Date of Submission
Musculoskeletal development in the upper limbs of non-elite female gymnasts during pre and early pubescent growth is under researched. Most studies have focussed on elite rather than non-elite gymnasts, via dual-energy X-ray absorptiometry (DXA). The purpose of this thesis was to longitudinally characterise the effects of non-elite female artistic gymnastics participation on upper limb musculoskeletal parameters using peripheral Quantitative Computed Tomography (pQCT), DXA and muscle function assessments.
Three major studies were designed. Study one compared the upper limb of two groups of gymnasts (high-training gymnasts (HGYM), participating in 6-16 hr/wk, low-training gymnasts (LGYM), participating in 1-5 hr/wk) and an age matched control group (NONGYM) for differences in bone mass, size and strength. Difference in upper limb muscle size, structure and function were also compared. Study two pooled both HGYM and LGYM to compare traditional pQCT skeletal parameters at the radius (4% and 66% sites) with NONGYM. To advance the understanding of site and bone specificity in young gymnastics, similar measures were also undertaken at the ulna. Study three combined variables in studies one and two in a longitudinal (6-month) comparison of the upper limb musculoskeletal changes in two groups of gymnasts (HGYM, LGYM) and a NONGYM group. Benefits beyond growth associated with gymnastics participation during pre- and early pubertal years were examined.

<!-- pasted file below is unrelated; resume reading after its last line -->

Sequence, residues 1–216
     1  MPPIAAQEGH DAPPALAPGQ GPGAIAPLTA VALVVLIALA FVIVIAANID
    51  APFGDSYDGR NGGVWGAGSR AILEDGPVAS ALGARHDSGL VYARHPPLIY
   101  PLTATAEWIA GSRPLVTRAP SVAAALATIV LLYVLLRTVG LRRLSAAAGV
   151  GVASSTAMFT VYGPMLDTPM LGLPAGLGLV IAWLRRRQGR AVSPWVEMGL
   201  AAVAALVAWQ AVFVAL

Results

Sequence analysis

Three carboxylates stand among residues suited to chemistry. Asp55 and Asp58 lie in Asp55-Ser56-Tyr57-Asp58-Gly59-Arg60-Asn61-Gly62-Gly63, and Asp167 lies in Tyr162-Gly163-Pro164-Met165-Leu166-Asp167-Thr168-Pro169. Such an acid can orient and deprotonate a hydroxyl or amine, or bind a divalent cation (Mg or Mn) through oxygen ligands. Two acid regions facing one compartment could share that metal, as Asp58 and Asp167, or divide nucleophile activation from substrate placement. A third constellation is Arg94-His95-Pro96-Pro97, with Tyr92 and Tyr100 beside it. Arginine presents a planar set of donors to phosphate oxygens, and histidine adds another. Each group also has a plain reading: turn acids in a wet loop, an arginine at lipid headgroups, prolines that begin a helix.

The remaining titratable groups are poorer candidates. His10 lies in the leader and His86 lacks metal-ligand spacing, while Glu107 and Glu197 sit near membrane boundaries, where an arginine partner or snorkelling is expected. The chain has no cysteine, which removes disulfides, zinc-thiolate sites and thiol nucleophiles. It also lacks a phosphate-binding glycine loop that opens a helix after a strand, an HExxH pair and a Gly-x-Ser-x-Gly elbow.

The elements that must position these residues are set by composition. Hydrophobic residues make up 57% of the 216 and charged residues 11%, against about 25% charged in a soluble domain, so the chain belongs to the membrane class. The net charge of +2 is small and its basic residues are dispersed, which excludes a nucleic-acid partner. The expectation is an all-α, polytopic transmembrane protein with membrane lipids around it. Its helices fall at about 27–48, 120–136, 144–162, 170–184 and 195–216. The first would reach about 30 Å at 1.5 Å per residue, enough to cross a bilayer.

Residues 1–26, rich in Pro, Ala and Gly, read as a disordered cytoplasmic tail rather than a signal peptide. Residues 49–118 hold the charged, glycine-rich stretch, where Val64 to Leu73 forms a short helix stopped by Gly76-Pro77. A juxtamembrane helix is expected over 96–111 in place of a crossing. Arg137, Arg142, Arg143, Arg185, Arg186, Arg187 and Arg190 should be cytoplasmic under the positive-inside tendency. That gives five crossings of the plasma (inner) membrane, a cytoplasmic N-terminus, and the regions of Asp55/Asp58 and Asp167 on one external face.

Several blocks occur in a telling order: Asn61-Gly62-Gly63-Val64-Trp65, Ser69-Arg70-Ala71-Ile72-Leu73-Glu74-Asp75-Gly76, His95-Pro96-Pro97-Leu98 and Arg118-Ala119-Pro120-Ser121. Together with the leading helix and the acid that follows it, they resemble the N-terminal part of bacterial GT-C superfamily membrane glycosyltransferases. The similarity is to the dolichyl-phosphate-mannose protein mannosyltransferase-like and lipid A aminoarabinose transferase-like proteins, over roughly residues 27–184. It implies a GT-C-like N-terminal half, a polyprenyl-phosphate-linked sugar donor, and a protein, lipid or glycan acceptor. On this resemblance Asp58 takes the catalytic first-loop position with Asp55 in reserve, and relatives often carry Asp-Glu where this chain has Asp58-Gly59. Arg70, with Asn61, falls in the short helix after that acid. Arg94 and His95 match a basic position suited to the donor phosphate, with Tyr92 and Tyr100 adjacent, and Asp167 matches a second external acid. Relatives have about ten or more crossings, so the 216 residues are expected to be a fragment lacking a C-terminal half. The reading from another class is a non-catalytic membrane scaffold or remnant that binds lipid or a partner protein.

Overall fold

School of Exercise Science
Doctor of Philosophy (PhD)
Faculty of Health Sciences
Burt, L. A. (2011). Upper body bone strength and muscle function in non-elite artistic gymnasts (Doctoral thesis, Australian Catholic University). Retrieved from http://researchbank.acu.edu.au/theses/386